And so I worked with a bourbon brand once upon a time and our audience kind of overlapped with his audience in a really nice way. There was a lot of, you know, not bro humor, but you know, sort of, you know, “manly conversation.” He wore flannel and jeans and stuff. And it just kind of he looked the part and it was very outdoors-oriented.
And so we partnered with him to test and did a few sponsored posts, and our audience really liked him and his audience really liked us. And so we ended up actually going back to him and saying, “why don’t we upgrade your video? Why don’t we come in and produce like a mini TV series for you so that instead of you hanging your iPhone, on overtop of a grill, (which I don’t know how he does it doesn’t melt) but instead of doing that, let’s come in, and let’s have some professional sound and the cameraman?
Let’s direct an episode where you’re talking to somebody else, another influencer. And so we did this like little four-part series and ended up being two or three years’ worth of stuff. But that kind of partnership was like, nobody wants to hear from a bottle of bourbon, you want to drink a bottle of bourbon, but you don’t hear from it. But you’ll be glad to hear from someone who can teach you how to grill out really well, while they’re sipping on a bottle of bourbon.
So that’s kind of how we did that. And it worked. And that’s kind of how we approach influencer partnerships at Cornett.
Jon-Mikel Bailey: So it’s gonna take everything in me to not use the peace sign, duck lips moment from this interview as your isolate. (clearly, I’m 12)
Are Companies Ignoring Their Own Influencers?
Jon-Mikel Bailey: So I’m in a recent podcast I just listened to. And by the way, everyone, please check out Jason’s podcast, it’s very good and chock full of great stuff. But in a recent one, you say, “if someone calls you an expert, you’re an expert. If you call yourself an expert, you’re an asshole.” That is awesome, first of all, but it also could possibly create a problem in my mind.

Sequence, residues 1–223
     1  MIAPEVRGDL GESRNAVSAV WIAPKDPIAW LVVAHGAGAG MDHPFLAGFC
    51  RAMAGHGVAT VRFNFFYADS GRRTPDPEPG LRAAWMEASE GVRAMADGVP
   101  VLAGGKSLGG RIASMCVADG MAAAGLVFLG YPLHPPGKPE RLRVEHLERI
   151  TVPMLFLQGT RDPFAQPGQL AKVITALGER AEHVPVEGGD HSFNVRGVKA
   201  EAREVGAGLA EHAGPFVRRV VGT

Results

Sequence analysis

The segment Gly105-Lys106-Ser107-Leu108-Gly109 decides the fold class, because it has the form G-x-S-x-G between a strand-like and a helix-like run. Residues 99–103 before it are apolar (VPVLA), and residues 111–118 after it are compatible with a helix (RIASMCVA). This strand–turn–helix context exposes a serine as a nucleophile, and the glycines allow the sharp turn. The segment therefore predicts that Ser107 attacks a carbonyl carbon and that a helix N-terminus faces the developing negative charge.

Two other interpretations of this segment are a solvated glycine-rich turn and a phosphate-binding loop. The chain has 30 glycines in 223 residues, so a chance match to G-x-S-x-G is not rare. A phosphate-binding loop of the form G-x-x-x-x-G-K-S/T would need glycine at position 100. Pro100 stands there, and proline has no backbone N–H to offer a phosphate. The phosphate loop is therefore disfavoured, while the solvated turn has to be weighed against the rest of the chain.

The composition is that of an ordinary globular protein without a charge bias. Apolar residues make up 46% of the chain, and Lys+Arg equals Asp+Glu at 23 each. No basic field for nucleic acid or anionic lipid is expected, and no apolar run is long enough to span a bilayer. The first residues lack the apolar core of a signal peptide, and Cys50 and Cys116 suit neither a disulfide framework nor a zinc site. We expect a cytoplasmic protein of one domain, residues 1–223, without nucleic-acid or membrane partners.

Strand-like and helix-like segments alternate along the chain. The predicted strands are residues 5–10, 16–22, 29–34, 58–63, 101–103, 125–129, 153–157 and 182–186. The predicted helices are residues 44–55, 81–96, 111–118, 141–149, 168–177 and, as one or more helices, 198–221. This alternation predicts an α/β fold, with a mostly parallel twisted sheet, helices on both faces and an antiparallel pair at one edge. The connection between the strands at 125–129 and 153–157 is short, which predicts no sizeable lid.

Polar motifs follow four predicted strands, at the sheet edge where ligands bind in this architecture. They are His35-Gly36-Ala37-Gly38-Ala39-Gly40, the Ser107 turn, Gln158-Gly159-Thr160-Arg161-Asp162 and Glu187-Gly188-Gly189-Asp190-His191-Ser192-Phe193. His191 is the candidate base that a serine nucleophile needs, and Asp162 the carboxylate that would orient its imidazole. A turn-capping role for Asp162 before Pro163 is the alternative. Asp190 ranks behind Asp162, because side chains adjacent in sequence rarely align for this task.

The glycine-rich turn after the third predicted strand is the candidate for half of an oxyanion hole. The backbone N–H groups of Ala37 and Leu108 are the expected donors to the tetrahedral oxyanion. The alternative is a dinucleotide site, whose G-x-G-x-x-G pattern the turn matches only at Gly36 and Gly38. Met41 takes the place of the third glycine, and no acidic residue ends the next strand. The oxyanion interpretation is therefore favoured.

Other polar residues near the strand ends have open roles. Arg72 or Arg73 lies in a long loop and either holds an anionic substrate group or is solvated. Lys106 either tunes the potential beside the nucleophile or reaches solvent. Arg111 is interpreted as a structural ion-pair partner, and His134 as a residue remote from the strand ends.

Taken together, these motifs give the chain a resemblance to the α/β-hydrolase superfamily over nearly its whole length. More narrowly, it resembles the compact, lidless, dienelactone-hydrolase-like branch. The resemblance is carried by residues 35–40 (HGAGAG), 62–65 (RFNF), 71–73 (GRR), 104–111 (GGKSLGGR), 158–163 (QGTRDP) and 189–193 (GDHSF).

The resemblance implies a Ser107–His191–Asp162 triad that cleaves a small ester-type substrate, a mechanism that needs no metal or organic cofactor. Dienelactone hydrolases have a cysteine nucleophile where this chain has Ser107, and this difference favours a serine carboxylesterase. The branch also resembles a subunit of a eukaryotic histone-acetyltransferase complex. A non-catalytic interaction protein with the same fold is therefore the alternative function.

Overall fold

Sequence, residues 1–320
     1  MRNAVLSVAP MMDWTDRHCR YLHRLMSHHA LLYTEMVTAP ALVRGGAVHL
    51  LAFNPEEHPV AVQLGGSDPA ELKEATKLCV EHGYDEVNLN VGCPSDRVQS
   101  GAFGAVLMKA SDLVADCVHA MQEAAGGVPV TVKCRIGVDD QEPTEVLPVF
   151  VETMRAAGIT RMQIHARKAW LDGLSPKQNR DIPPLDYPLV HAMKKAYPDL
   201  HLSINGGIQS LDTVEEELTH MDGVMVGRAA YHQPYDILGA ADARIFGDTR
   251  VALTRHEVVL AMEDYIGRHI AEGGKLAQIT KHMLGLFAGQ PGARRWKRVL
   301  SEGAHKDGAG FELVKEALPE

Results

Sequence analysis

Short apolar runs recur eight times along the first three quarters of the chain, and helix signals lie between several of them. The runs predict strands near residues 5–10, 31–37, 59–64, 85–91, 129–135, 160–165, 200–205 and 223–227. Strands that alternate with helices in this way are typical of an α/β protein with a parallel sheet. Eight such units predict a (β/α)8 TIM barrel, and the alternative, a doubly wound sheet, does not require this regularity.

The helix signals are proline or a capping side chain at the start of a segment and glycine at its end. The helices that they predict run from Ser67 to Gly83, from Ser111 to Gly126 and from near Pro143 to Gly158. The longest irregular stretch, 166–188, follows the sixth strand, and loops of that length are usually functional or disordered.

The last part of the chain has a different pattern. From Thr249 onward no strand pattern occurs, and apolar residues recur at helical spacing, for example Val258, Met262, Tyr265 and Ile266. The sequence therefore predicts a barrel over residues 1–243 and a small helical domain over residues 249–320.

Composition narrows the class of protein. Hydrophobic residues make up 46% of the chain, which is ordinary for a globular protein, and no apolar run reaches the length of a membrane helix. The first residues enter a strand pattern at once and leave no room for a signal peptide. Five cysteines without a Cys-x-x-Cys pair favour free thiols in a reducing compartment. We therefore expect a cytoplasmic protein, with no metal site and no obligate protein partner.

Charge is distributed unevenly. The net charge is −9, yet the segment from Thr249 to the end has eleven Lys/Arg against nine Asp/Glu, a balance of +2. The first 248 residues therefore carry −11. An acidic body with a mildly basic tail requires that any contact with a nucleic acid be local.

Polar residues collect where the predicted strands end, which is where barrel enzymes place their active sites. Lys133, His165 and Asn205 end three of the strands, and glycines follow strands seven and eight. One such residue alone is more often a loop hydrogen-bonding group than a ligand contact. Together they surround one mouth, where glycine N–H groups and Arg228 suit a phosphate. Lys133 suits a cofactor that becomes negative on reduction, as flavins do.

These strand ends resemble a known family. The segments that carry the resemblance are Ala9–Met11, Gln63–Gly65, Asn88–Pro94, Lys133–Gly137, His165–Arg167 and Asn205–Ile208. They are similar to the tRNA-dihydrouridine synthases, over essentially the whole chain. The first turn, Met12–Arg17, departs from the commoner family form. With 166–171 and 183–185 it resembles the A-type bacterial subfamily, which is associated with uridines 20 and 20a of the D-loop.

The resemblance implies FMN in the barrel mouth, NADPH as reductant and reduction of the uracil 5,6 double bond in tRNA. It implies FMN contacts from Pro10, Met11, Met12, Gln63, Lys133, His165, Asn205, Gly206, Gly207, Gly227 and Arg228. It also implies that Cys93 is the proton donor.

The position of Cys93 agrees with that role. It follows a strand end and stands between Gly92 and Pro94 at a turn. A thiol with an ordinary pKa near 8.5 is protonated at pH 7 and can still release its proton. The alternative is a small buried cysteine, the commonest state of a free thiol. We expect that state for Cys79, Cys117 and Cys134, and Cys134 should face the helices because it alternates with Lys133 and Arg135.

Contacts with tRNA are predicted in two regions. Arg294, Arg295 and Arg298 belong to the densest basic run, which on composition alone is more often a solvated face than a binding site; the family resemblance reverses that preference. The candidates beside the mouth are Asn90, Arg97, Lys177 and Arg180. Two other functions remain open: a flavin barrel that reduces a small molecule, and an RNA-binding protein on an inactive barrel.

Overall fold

I think this notion may be preventing certain companies from celebrating their own internal experts. I mean, do you agree or do you think, you know, humility, or even some sort of shyness might be getting in the way of building an influence or within your own company?
Jason Falls: Well, I think you raise a good point. Because my proclamation of that dates back to 2009 when we were having the social media expert conversation. But my intention there was really talking about the individual. If Cornett wants to promote me as “he’s a social media expert,” as long as I’m not the one saying it through the megaphone, and somebody else is.
If it’s a third-party endorsement, even if it is my own company, then I think it’s got credibility. It makes sense. But I’ve to take the the analogy and whatnot a little further and a little deeper, and I’ll try to be as clean as I can with this.
Jon-Mikel Bailey: Do what you got to do.
Jason Falls: But if you call yourself an expert, it’s like you calling yourself good in bed. You don’t know that you’re good in bed. That’s somebody else’s opinion. Right? You can say somebody said I was good in bed, or somebody said I was an expert. You can say I have an amount of expertise, but to say you’re an expert, I think throws that ego right in someone’s face.
And so I don’t think that in the case of a company elevating their own staff or employee and saying he is our expert on this or she is an expert on that. I don’t find a problem with that. Because again, there’s someone else making that call someone else making the decision.